President Recep Tayyip Erdoğan said Saturday that Azerbaijan is getting closer to victory against Armenia in its efforts to end the 30-yearslong occupation in Nagorno-Karabakh.
Erdoğan was speaking at the 7th Ordinary Congress of the Justice and Development Party (AK Party) in Kahramanmaraş.
He noted that he spoke with his "brother," Azerbaijani President Ilham Aliyev, in a phone call and that the latter told him about the positive developments in Nagorno-Karabakh.
"They have been away from their occupied lands for 30 years, but now, they will hopefully reunite with their occupied lands," Erdoğan said, in reference to Armenia's three-decade occupation of Nagorno-Karabakh, an internationally recognized territory of Azerbaijan.
Following the breakout of fresh clashes on Sept. 27, Armenia has repeatedly attacked Azerbaijani civilians and its military forces, violating three humanitarian cease-fire agreements since Oct. 10. Azerbaijan has liberated over 200 villages from Armenian occupation to date.
World powers including France, Russia and the United States have called for a sustainable cease-fire. Ankara, meanwhile, has supported Baku's right to self-defense and demanded the withdrawal of Armenia's occupying forces.
Four United Nations Security Council resolutions and two more from the U.N. General Assembly, in addition to calls by multiple international organizations, demand the "immediate, complete and unconditional withdrawal of the occupying forces" from Azerbaijani territory.
The Parliamentary Assembly of the Council of Europe (PACE) also refers to the territory as being under the occupation of Armenian forces.
About 20% of Azerbaijan's territory – including Nagorno-Karabakh and seven adjacent regions – has been under illegal Armenian occupation for nearly three decades.
The Minsk Group of the Organization for Security and Co-operation in Europe (OSCE) – co-chaired by France, Russia and the U.S. – was formed in 1992 to find a peaceful solution to the conflict but to no avail. A cease-fire, however, was agreed to in 1994.
Erdoğan also said Turkey has been standing up against several types of oppression while preserving and protecting its interests in the region.
"Turkey would not have been targeted by other countries if it did not pursue its goals and preserve its interests in the region, including the Eastern Mediterranean," he said.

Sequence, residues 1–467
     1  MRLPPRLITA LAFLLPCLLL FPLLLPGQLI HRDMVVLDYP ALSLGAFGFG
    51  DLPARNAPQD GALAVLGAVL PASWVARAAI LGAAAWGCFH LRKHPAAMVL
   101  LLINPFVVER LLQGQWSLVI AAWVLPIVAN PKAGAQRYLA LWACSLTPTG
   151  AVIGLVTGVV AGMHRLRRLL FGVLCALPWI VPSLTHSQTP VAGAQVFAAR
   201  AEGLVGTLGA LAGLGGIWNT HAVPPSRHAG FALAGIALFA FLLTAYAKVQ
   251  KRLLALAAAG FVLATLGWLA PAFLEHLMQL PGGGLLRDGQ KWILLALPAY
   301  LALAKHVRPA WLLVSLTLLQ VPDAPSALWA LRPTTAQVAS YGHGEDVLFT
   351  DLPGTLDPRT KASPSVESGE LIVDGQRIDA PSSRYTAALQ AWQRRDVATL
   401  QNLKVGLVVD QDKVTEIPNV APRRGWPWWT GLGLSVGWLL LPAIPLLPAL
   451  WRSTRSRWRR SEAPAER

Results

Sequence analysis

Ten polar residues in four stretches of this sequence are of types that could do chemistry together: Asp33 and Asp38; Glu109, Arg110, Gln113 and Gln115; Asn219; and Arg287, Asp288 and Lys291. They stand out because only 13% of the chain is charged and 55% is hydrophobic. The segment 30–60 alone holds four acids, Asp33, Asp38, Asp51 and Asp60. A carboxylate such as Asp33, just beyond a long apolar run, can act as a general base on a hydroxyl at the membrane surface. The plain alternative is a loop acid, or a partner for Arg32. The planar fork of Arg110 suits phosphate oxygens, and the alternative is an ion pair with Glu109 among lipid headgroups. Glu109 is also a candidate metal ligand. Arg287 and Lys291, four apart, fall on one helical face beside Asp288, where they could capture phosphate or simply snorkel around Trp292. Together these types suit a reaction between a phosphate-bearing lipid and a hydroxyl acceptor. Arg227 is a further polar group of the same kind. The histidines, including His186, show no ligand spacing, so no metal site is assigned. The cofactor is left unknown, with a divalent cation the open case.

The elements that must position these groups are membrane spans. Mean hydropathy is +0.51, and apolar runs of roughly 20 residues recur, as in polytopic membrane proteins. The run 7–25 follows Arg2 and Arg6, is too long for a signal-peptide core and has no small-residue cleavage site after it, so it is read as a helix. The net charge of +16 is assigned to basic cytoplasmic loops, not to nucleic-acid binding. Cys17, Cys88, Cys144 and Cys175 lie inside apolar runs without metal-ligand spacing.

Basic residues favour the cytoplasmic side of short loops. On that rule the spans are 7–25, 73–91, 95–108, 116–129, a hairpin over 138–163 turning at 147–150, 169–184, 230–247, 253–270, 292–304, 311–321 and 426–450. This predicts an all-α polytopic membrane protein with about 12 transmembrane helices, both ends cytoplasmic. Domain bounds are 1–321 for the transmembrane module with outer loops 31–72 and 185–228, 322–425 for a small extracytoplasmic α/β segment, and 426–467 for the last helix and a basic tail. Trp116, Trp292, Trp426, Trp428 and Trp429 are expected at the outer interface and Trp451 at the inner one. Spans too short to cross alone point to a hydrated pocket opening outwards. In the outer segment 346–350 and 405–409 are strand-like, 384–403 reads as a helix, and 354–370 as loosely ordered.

The president also noted that he will be visiting the Turkish Republic of Northern Cyprus (TRNC) and will meet with the Nationalist Movement Party (MHP) Chairman next week. The delegation will have a picnic in the closed city of Varosha (Maraş) on Nov. 15.
Last month, the TRNC government partially reopened Varosha's beachfront area. The "ghost town" had been abandoned for 46 years, in a move welcomed by Turkey and opposed by Greece.
Varosha was a famous resort region of Cyprus that boasted a capacity of 10,000 beds across more than 100 hotels, but it has been closed since 1974.
That same year, Turkish military forces intervened on the island following a Greek-inspired coup.
The coup was the result of decadelong, interethnic violence and terrorism targeting Turkish Cypriots, who were forced to live in enclaves when Greek Cypriots unilaterally changed the constitution in 1963 and stripped the island's Turks of their political rights.
Varosha is located just north of the "Green Line," which is the present-day border between the two communities and was closed for settlement subsequent to a U.N. decision in 1974.
The city is protected by a 1984 Security Council resolution, stating that the empty town can only be resettled by its original inhabitants.
If the Greek Cypriots had accepted the 2004 U.N. Cyprus reunification plan, the Annan Plan, Varosha would now be back under Greek Cypriot control and its residents back in their homes.
Despite this, the majority of Greek Cypriots voted against the plan, whereas the Turkish Cypriots voted for it.
If the Greek and Turkish sides had reached an agreement, Greek Cypriots would have had access to Varosha as well as Turkish ports and airports, and Turkish Cypriots will be able to engage in direct trade via the Gazimağusa (Famagusta) port.